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Research Perspectives:

CUSP9* treatment protocol for recurrent glioblastoma: aprepitant, artesunate, auranofin, captopril, celecoxib, disulfiram, itraconazole, ritonavir, sertraline augmenting continuous low dose temozolomide

Richard E. Kast _, Georg Karpel-Massler, Marc-Eric Halatsch

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Oncotarget. 2014; 5:8052-8082. doi: 10.18632/oncotarget.2408

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Abstract

Richard E. Kast1, Georg Karpel-Massler2 and Marc-Eric Halatsch2

1 IIAIGC Study Center, Burlington, VT, USA

2 University of Ulm, Department of Neurosurgery, Albert-Einstein-Allee 23, Ulm, Germany

Correspondence:

Richard Kast, email:

Keywords: chemotherapy, glioblastoma, growth factors, CUSP9*

Received: July 17, 2014 Accepted: August 27, 2014 Published: August 29, 2014

Abstract

CUSP9 treatment protocol for recurrent glioblastoma was published one year ago. We now present a slight modification, designated CUSP9*. CUSP9* drugs- aprepitant, artesunate, auranofin, captopril, celecoxib, disulfiram, itraconazole, sertraline, ritonavir, are all widely approved by regulatory authorities, marketed for non-cancer indications. Each drug inhibits one or more important growth-enhancing pathways used by glioblastoma. By blocking survival paths, the aim is to render temozolomide, the current standard cytotoxic drug used in primary glioblastoma treatment, more effective. Although esthetically unpleasing to use so many drugs at once, the closely similar drugs of the original CUSP9 used together have been well-tolerated when given on a compassionate-use basis in the cases that have come to our attention so far. We expect similarly good tolerability for CUSP9*. The combined action of this suite of drugs blocks signaling at, or the activity of, AKT phosphorylation, aldehyde dehydrogenase, angiotensin converting enzyme, carbonic anhydrase -2,- 9, -12, cyclooxygenase-1 and -2, cathepsin B, Hedgehog, interleukin-6, 5-lipoxygenase, matrix metalloproteinase -2 and -9, mammalian target of rapamycin, neurokinin-1, p-gp efflux pump, thioredoxin reductase, tissue factor, 20 kDa translationally controlled tumor protein, and vascular endothelial growth factor. We believe that given the current prognosis after a glioblastoma has recurred, a trial of CUSP9* is warranted.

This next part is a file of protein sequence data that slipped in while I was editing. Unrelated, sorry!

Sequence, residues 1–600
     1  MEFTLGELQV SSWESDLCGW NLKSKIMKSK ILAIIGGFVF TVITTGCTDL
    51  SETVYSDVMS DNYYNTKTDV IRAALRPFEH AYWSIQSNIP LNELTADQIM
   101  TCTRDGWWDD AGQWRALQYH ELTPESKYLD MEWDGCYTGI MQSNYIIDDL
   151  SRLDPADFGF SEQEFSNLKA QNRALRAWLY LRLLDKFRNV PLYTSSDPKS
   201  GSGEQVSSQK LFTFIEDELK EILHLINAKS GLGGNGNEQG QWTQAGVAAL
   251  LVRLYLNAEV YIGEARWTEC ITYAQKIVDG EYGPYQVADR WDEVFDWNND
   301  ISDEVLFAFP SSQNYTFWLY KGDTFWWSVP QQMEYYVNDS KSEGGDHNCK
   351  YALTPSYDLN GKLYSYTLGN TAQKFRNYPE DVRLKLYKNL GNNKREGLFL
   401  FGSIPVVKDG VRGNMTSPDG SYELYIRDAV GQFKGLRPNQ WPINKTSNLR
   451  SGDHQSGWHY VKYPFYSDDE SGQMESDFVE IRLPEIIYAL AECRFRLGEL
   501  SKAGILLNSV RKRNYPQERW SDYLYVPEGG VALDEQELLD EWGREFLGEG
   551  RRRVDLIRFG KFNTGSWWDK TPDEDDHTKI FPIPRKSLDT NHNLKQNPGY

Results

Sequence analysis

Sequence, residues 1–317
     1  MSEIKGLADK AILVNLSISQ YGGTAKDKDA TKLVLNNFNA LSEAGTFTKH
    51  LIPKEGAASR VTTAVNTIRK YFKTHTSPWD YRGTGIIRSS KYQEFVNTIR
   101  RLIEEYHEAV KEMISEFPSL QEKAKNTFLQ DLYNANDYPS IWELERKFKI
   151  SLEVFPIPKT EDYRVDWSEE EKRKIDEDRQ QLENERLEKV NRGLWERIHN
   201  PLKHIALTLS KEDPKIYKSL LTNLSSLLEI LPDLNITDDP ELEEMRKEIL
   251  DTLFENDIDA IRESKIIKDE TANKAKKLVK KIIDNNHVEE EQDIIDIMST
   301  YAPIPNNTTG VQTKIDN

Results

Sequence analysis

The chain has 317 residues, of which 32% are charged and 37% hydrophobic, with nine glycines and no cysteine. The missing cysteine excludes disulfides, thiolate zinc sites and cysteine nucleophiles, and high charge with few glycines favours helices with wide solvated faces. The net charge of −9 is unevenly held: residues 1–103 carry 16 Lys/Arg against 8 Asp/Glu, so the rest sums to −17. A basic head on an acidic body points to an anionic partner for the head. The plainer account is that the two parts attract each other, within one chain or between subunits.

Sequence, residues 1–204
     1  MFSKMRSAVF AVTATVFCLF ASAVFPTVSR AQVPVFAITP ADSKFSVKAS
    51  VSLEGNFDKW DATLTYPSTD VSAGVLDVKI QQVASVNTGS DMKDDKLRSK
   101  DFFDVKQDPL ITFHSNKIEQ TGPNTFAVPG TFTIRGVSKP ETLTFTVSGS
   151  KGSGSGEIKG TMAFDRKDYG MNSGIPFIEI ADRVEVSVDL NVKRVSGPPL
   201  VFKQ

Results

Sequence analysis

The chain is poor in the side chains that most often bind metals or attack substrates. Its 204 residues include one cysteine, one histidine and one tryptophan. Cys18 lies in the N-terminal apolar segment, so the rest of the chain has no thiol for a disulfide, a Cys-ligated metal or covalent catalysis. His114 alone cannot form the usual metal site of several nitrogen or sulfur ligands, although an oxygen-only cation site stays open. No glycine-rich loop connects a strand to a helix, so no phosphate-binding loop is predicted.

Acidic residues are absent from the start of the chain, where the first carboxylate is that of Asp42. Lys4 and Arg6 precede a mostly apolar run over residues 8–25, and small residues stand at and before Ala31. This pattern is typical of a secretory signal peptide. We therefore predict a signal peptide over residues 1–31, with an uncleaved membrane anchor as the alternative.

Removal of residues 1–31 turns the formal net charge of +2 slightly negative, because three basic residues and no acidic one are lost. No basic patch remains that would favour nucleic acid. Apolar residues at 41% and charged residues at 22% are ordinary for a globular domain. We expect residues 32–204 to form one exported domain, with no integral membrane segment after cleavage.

Author Information

Richard E. Kast
Primary Contact  _

Georg Karpel-Massler

Marc-Eric Halatsch


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